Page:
The Genius of Seuss

Dr. Seuss was much more than just a children’s book writer. He was an incredibly creative writer whose work often had a political message, be it anti-war or environmental concerns.

Theodor’s dream wasn’t to write children’s books but the contract he had with an advertising company didn’t allow him to do any other writing. His first book, And to Think that I Saw it on Mulberry Street was published in 1937. The book that made him famous, The Cat in the Hat, was his 13th. It came out in 1957.

To think: This is often used to introduce an idea which the speaker/writer finds surprising. ‘To think it’s Christmas next week, but there’s no snow and it’s still quite warm.’

Cat in the Hat was written because Theodor was worried that children weren’t learning to read. The typical primer book for children at the time, Dick and Jane didn’t motivate kids enough to read because it was so dull. An editor at a publisher’s education division challenged Theodor to write a book that ‘a first grader couldn’t put down.’ Theodor had to choose from 348 words. (Cat in the Hat has 236). He nearly couldn’t do it.  He later said, “I read the list three times and almost went out of my head. I said, I’ll read it once more and if I can find two words that rhyme, that’ll be the title of my book. . . . I found ‘cat’ and ‘hat’ and I said, The title will be The Cat in the Hat.” The book’s runaway success led Theodor to found a division at Random House which produced books that help children learn to read. Green Eggs and Ham, also by Theodor, was another one of these books. It was written following a challenge from his editor that Theodor couldn’t write a book using 50 words or less.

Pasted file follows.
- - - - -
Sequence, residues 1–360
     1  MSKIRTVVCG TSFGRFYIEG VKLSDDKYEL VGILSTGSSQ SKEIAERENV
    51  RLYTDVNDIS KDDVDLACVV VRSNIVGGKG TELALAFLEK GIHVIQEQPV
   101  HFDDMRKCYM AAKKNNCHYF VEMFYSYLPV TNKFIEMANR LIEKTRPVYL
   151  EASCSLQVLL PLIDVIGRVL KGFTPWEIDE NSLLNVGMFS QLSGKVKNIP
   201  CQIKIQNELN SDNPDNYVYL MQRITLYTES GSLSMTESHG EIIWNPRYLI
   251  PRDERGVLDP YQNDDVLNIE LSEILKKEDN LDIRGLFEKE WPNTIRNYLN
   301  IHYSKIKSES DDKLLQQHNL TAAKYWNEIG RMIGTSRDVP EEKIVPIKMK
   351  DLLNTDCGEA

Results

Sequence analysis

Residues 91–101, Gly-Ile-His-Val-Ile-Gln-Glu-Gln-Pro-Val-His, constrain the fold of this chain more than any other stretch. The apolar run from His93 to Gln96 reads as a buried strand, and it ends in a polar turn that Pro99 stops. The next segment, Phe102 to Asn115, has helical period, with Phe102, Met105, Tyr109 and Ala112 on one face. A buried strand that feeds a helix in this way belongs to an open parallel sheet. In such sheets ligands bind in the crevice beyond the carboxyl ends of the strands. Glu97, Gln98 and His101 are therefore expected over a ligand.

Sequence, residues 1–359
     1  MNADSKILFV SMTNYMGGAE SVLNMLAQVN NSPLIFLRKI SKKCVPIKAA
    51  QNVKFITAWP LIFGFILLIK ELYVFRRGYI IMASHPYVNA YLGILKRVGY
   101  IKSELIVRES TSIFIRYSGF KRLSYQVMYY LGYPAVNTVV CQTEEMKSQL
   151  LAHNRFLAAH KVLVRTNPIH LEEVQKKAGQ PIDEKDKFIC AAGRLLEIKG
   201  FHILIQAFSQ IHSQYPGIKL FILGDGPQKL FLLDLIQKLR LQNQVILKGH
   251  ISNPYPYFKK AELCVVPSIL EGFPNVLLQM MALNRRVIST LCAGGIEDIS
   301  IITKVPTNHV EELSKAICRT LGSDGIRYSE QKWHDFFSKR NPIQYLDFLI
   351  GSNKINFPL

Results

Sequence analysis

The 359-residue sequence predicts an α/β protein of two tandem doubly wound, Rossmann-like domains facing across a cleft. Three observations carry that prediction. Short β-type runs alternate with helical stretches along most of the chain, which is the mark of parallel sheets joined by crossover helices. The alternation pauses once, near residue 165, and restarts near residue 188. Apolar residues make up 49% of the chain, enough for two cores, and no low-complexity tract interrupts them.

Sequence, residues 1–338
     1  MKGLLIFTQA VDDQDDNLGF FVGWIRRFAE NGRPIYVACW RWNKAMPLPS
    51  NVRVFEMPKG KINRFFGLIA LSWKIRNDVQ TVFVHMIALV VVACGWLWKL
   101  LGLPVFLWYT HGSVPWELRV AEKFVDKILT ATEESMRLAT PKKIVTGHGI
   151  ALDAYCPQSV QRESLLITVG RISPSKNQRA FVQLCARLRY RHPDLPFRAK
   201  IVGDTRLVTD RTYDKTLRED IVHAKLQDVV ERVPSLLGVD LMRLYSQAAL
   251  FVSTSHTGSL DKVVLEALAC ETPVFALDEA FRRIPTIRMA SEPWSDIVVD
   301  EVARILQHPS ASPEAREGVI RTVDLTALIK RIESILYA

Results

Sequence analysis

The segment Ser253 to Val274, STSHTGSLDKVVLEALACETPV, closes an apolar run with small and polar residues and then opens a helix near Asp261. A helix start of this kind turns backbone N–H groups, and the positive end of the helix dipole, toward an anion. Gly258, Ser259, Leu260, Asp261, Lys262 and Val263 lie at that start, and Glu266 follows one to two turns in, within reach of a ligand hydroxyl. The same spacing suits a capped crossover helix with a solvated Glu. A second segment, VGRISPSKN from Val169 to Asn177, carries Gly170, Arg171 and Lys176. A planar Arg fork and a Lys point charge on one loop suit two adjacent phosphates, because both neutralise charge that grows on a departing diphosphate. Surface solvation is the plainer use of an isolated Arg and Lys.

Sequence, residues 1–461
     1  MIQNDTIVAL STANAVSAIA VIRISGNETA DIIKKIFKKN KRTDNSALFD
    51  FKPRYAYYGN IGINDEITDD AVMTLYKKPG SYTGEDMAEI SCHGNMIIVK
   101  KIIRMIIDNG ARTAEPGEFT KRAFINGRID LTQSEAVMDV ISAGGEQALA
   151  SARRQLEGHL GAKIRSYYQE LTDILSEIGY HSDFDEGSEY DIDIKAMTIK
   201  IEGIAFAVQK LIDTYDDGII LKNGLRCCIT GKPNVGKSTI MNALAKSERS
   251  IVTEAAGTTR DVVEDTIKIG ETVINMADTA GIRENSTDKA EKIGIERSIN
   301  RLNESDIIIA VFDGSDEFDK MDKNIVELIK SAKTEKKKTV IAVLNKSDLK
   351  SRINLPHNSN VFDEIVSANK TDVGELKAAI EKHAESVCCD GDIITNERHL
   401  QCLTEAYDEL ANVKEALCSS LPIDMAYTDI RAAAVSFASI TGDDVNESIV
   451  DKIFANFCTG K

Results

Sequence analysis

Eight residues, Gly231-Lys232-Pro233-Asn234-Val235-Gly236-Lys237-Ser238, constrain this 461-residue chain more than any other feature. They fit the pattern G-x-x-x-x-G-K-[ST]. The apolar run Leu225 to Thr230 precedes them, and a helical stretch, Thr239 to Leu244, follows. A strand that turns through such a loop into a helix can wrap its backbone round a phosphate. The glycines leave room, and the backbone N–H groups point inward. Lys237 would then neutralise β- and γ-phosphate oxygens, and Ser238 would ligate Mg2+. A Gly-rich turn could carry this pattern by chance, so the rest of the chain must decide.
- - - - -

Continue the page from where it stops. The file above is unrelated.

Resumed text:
When we want to say that a book is really interesting, we say, ‘I can’t put it down.’ It means I want to keep reading.

Theodor also dealt with more political themes. The rise of Hitler inspired him to write Yertle the Turtle, published in 1958. The book tells the tale of a turtle who is king of the pond but wants more. He tells all the other turtles to stand on each other’s backs so he can stand on top. Mack, the unfortunate turtle on the bottom of the stack asks for a rest, but Yertle ignores him. In the end, Mack burps, causing the turtles to fall. Interestingly, even though Theodor was quite open about the story being about Hitler, his publisher Random House wasn’t concerned about the book’s political message. However the burp bothered them.

Theodor had big ambitions for his books. He hoped they would actually inspire children to think. In an essay published in 1960 Theodor wrote, “children’s reading and children’s thinking are the rock-bottom base upon which this country will rise. Or not rise. In these days of tension and confusion, writers are beginning to realize that books for children have a greater potential for good or evil than any other form of literature on earth.”

A side note: March 2 is Dr. Seuss’ birthday and the National Education Association in the US has adopted it for their annual Read Across America Day. It’s promoted as the nation’s largest reading event with schools, libraries and community centers hosting reading events every year.

And Dr. Seuss isn’t just for kids. As the author himself once said. “I don’t write for children. I write for people.”

Original article by Jacy Meyer – Phoenix, Arizona. Text edited by The Word’s methodology team


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Dr. Seuss, whose real name is Theodor Geisel, is known as a children’s book writer. But his books often had some very serious ideas. Theodor didn’t want to be a children’s book writer at first, but his first job didn’t let him write other books. His first book was And to Think that I Saw it on Mulberry Street. It was published in 1937. The book that made him famous, The Cat in the Hat, came out in 1957.